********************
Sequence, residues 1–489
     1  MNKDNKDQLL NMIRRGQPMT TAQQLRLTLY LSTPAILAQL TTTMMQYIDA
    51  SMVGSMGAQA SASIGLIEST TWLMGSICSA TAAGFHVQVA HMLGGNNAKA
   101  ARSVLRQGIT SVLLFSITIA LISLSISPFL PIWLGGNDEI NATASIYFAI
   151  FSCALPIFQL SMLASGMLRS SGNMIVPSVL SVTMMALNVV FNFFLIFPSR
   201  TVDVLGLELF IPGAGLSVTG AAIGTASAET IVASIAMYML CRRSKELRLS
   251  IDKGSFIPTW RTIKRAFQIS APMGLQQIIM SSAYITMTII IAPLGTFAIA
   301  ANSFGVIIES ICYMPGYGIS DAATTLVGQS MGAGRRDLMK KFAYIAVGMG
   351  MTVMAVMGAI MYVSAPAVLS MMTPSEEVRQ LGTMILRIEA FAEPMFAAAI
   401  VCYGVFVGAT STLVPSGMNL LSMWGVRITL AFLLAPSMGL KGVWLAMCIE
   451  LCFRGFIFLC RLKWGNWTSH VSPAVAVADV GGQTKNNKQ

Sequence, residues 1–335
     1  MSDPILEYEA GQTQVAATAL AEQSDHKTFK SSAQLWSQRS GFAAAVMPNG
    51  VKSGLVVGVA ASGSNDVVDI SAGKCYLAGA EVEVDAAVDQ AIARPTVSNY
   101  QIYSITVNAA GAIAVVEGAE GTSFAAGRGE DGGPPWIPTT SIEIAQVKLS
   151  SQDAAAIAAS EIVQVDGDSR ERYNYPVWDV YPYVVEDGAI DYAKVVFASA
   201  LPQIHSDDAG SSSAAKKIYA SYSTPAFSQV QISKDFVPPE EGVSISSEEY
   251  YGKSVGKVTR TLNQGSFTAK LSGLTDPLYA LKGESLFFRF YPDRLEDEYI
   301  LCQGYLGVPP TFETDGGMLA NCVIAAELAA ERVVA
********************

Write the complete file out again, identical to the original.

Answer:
Sequence, residues 1–489
     1  MNKDNKDQLL NMIRRGQPMT TAQQLRLTLY LSTPAILAQL TTTMMQYIDA
    51  SMVGSMGAQA SASIGLIEST TWLMGSICSA TAAGFHVQVA HMLGGNNAKA
   101  ARSVLRQGIT SVLLFSITIA LISLSISPFL PIWLGGNDEI NATASIYFAI
   151  FSCALPIFQL SMLASGMLRS SGNMIVPSVL SVTMMALNVV FNFFLIFPSR
   201  TVDVLGLELF IPGAGLSVTG AAIGTASAET IVASIAMYML CRRSKELRLS
   251  IDKGSFIPTW RTIKRAFQIS APMGLQQIIM SSAYITMTII IAPLGTFAIA
   301  ANSFGVIIES ICYMPGYGIS DAATTLVGQS MGAGRRDLMK KFAYIAVGMG
   351  MTVMAVMGAI MYVSAPAVLS MMTPSEEVRQ LGTMILRIEA FAEPMFAAAI
   401  VCYGVFVGAT STLVPSGMNL LSMWGVRITL AFLLAPSMGL KGVWLAMCIE
   451  LCFRGFIFLC RLKWGNWTSH VSPAVAVADV GGQTKNNKQ

Sequence, residues 1–335
     1  MSDPILEYEA GQTQVAATAL AEQSDHKTFK SSAQLWSQRS GFAAAVMPNG
    51  VKSGLVVGVA ASGSNDVVDI SAGKCYLAGA EVEVDAAVDQ AIARPTVSNY
   101  QIYSITVNAA GAIAVVEGAE GTSFAAGRGE DGGPPWIPTT SIEIAQVKLS
   151  SQDAAAIAAS EIVQVDGDSR ERYNYPVWDV YPYVVEDGAI DYAKVVFASA
   201  LPQIHSDDAG SSSAAKKIYA SYSTPAFSQV QISKDFVPPE EGVSISSEEY
   251  YGKSVGKVTR TLNQGSFTAK LSGLTDPLYA LKGESLFFRF YPDRLEDEYI
   301  LCQGYLGVPP TFETDGGMLA NCVIAAELAA ERVVA